Pilot Test of a Novel Behavioral Intervention on BP Control in HTN Patients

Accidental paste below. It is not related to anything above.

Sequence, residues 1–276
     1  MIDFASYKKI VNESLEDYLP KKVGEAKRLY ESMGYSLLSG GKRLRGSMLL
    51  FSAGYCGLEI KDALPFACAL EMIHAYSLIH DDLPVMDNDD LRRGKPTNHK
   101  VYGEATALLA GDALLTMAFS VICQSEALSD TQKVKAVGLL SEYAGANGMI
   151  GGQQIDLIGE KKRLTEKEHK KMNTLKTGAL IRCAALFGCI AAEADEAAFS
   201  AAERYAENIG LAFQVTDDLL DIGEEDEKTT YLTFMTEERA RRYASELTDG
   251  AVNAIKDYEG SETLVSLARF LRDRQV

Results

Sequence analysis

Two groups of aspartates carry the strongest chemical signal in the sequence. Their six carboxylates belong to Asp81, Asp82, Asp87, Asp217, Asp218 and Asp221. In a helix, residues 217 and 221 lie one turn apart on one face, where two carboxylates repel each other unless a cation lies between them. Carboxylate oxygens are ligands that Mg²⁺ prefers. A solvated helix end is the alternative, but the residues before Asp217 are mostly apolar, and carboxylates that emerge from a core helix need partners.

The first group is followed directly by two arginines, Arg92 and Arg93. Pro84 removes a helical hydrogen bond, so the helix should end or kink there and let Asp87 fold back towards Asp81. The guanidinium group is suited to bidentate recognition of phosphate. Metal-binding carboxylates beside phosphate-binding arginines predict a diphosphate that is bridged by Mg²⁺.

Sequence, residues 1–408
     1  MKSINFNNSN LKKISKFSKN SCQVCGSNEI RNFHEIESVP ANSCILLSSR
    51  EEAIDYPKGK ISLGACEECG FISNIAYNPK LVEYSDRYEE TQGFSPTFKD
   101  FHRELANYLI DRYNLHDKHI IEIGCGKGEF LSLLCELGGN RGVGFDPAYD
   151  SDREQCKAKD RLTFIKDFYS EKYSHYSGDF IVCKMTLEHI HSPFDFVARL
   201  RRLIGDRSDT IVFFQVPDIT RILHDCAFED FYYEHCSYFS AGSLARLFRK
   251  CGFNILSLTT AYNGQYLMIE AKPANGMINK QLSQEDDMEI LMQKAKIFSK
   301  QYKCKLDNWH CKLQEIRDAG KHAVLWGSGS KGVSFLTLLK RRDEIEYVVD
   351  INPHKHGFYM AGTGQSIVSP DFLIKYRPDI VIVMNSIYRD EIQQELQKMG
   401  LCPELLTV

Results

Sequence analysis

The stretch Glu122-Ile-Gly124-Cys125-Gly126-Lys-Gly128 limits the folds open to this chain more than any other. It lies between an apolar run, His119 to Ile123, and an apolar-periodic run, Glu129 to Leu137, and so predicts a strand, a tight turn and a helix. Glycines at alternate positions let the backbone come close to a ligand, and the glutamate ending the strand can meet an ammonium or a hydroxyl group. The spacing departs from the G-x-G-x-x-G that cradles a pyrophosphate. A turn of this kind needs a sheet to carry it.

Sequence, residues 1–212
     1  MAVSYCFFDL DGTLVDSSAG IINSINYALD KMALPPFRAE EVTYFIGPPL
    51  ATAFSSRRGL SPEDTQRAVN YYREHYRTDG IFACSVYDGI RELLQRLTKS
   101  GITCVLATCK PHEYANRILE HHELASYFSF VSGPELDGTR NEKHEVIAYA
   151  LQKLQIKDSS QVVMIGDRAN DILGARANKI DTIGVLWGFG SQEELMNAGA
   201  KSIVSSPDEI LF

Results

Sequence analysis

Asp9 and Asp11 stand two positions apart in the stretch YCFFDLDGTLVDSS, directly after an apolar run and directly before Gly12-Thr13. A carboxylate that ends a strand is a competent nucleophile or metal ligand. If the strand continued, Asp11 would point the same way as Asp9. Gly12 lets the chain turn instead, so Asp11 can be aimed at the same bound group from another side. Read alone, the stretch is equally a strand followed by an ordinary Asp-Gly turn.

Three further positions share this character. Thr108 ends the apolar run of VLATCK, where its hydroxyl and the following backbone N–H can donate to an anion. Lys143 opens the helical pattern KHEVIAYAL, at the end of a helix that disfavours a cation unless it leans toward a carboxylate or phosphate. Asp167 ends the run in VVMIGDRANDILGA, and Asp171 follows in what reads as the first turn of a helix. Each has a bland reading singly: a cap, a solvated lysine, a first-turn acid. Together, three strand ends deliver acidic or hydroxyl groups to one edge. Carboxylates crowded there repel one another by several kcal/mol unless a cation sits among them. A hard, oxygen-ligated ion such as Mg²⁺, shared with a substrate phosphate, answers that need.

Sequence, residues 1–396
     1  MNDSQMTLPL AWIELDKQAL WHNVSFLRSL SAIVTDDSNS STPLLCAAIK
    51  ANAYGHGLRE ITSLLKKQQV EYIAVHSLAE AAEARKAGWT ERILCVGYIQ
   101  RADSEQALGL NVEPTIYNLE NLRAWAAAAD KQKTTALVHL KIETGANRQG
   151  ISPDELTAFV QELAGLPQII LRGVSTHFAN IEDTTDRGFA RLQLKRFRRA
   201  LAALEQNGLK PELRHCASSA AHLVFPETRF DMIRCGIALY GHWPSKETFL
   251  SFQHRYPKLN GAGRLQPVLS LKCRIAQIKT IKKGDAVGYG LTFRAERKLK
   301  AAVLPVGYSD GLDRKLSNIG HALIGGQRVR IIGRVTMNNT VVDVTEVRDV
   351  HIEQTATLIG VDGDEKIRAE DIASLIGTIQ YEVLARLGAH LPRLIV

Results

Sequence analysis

Patients'knowledge concerning their chronic illness has long been considered "necessary but not sufficient" to produce changes in risk-related behaviors. "Necessary" implies that patient knowledge is, therefore, a moderator of the effectiveness of behavioral interventions. However, researchers have tended to ignore patient education as a critical component of behavioral (or, for that matter, pharmacological) interventions. We propose to combine a behavioral intervention that we and others have found to be moderately effective in increasing blood pressure (BP) control in hypertensive patients - using a home BP monitor (HBPM) to obtain feedback regarding their BP control, and providing feedback to the health provider - with a systematic patient education component. We propose an intervention strategy that is meant to be usable as an adjunct to the HBPM and other interventions;one that will increase patients'knowledge, and, we hypothesize, will therefore increase the effectiveness of the "parent" intervention (HBPM, in this case). Our proposal is for a randomized controlled trial (RCT), using a 2X2 factorial design in which we will test the effect of (1) a patient education intervention and (2) HBPM, on ambulatory BP in poorly-controlled hypertensive patients at 3 and 6 months. The education intervention is based on a technique called "Self-Paced Programmed Instruction" (SPPI), a method that has been remarkably effective at increasing knowledge concerning complex topics. Using a computer, a paragraph of content material is presented, followed by probe questions. When patients provide a correct response, they are immediately reinforced by positive feedback;an incorrect response loops the program to re-present the materials, this time with hints;and the subjects then re-attempt the probe questions. The loop continues until a correct answer is recorded. In this manner, every subject achieves mastery over the requisite material. We posit that medication adherence (assessed objectively) will partially mediate the ambulatory BP outcomes;and that Self-Efficacy for the self- management of HTN will mediate medication adherence;we predict that self-efficacy will be enhanced by the mastery of the HTN-related materials, and by the reduction of ambiguity, which will lead to greater confidence in the patient's decision-making processes. We predict that the SPPI - HBPM condition will have the greatest effect on ambulatory BP, compared to the other three groups. PUBLIC HEALTH RELEVANCE: Hypertension remains a hugely costly problem in the United States in terms of morbidity and economic burden. Many patients cannot or will not take medications;the application proposes a non-pharmacological intervention that will help hypertensive patients adhere to their prescribed medication regimens, and to control their blood pressure.